- KFC will host a pop-up event in Brooklyn on Jan. 10 to promote its $3 Famous Bowl dish. From 1-5 p.m., fast-food fans can get a free bowl haircut in honor of the dish that's available through Jan. 27, the company announced on its website.
- The fried chicken chain teamed up with hairstylists in New York to design five modern takes on the popular '90s hairstyle, each themed to add some KFC flavor: the Original Recipe, Spork and Bowl, Over the Top, Colonel's Stripes and the Gravy Fall.
- Fans interested in "spherical dishware-inspired haircuts" can book an appointment for the Jan. 10 event on a microsite and are encouraged to share photos of their new look on Twitter via the hashtag #KFCFamousBowl.
With its Famous Bowl Cuts promotion, KFC is leaning heavily into the '90s nostalgia trend by bringing back one of the era's most iconic hairstyles. The activation appears well-suited to spark social media conversations, particularly among millennials, who are grew up in the '90s and have shown a fondness of nostalgia in marketing. These younger consumers also tend to enjoy branded events and activations, where they get the chance to directly interact with their favorite brands in personal, authentic ways.
The bowl haircut gimmick doesn't come as much of a surprise, as KFC has become famous for its quirky marketing stunts, some featuring humorous iterations of its iconic Colonel mascot and fried chicken-themed merchandise. Most recently for the holidays, the Yum Brands company teamed up with Enviro-Log to sell a limited-edition firelog that smells like KFC fried chicken.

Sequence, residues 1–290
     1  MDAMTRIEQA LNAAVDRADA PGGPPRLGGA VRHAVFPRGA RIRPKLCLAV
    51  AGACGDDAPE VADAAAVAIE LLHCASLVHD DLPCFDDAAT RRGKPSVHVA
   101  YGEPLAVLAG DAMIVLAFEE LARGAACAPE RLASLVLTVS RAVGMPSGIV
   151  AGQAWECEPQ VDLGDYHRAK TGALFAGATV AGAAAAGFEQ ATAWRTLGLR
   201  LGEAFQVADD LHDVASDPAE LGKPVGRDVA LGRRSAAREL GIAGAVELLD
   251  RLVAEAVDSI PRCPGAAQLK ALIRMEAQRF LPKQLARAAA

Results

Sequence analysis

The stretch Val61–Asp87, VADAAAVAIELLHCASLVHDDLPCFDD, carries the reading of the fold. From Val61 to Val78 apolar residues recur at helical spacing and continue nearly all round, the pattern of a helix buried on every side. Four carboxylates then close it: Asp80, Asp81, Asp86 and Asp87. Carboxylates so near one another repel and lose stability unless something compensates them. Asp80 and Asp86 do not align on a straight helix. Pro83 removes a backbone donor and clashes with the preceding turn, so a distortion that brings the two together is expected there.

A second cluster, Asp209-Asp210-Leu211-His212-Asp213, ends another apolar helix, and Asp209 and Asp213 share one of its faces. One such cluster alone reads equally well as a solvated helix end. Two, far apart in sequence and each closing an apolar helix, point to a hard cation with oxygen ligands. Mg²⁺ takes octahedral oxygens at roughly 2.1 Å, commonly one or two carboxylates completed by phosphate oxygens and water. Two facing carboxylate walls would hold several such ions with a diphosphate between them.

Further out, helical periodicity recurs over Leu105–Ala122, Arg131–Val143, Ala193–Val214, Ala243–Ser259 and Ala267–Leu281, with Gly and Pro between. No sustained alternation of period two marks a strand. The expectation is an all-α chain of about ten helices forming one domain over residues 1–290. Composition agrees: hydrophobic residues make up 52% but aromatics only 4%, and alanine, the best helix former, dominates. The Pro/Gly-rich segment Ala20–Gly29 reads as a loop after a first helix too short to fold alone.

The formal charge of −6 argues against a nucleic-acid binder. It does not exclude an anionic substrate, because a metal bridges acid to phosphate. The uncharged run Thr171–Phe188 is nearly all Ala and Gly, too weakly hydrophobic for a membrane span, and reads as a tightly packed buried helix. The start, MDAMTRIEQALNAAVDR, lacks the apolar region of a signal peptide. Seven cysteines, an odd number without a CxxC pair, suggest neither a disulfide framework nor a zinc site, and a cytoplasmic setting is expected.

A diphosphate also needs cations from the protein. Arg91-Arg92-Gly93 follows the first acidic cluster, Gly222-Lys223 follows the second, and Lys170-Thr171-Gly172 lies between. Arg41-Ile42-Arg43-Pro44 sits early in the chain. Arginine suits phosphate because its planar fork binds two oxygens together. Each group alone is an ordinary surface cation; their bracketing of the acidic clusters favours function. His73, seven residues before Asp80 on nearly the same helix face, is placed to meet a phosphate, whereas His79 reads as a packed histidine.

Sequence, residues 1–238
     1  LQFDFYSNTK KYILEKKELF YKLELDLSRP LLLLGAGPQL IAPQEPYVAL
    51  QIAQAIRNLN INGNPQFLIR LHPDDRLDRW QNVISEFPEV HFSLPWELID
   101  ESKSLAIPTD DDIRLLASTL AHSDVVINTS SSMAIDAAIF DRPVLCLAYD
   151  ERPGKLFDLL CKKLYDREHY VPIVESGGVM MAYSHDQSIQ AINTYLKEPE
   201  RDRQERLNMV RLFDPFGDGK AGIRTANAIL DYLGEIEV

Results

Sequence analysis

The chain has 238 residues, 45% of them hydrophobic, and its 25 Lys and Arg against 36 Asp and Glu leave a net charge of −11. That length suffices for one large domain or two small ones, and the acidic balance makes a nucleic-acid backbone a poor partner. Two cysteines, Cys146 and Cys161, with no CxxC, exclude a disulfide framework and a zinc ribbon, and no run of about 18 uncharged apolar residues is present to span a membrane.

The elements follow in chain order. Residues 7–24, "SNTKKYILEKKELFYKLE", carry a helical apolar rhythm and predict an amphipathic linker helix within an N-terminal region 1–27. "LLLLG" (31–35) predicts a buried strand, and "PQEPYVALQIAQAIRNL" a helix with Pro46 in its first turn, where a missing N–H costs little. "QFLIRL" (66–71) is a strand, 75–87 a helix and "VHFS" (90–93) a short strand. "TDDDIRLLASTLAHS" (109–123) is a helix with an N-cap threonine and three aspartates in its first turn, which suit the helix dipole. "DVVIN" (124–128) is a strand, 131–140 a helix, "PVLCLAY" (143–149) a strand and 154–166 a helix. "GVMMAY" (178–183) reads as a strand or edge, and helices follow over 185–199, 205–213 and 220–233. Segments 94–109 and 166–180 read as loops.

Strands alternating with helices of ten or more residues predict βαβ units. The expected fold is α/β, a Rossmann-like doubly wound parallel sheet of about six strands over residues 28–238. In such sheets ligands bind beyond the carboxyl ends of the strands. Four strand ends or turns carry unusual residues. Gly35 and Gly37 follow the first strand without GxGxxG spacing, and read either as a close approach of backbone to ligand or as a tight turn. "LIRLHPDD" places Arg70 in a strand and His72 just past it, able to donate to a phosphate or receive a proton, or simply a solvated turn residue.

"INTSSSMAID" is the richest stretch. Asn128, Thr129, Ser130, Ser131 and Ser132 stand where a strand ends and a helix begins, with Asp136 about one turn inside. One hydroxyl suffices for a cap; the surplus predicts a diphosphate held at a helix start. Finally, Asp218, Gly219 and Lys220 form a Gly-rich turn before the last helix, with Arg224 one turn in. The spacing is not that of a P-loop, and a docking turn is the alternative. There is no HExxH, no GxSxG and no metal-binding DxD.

These oddball tactics appear to continue to resonate with consumers both online and in person. KFC was listed as having the best brand voice on Twitter in 2018, according to a year-end review by the social platform's U.S. head of brand strategy. The ranking stems from content like KFC's live tweets of the soap opera "General Hospital," which featured a cameo by the brand's Extra Crispy Colonel, played by actor George Hamilton. Part of what makes the quirky, yet gimmicky, stunts stick is that the brand consistently echoes the lighthearted tone of its TV campaigns on social media and authentically engages with consumers on the platforms. This lightheartedness helps to personalize the corporation in the minds of consumers.
Experiential activations like KFC's bowl haircut pop-up this week are a trend that brands are embracing to deepen connections with consumers and build brand awareness while cutting through the competition. KFC isn't alone in using a barbershop theme. Online brokerage firm TradeStation hosted a pop-up barbershop in New York City, letting consumers "Get a Fresh Look" with free haircuts, blue dye jobs and blue wigs. The event tied into the company's rebranding and redesign of its website, logo and online user experience. For National Coffee Day in October, Dunkin' and Unilever-brand Dove Hair hosted the Dove x Dunkin' Styling Café in New York to build on the "I run on coffee and dry shampoo" meme popularized among social media users.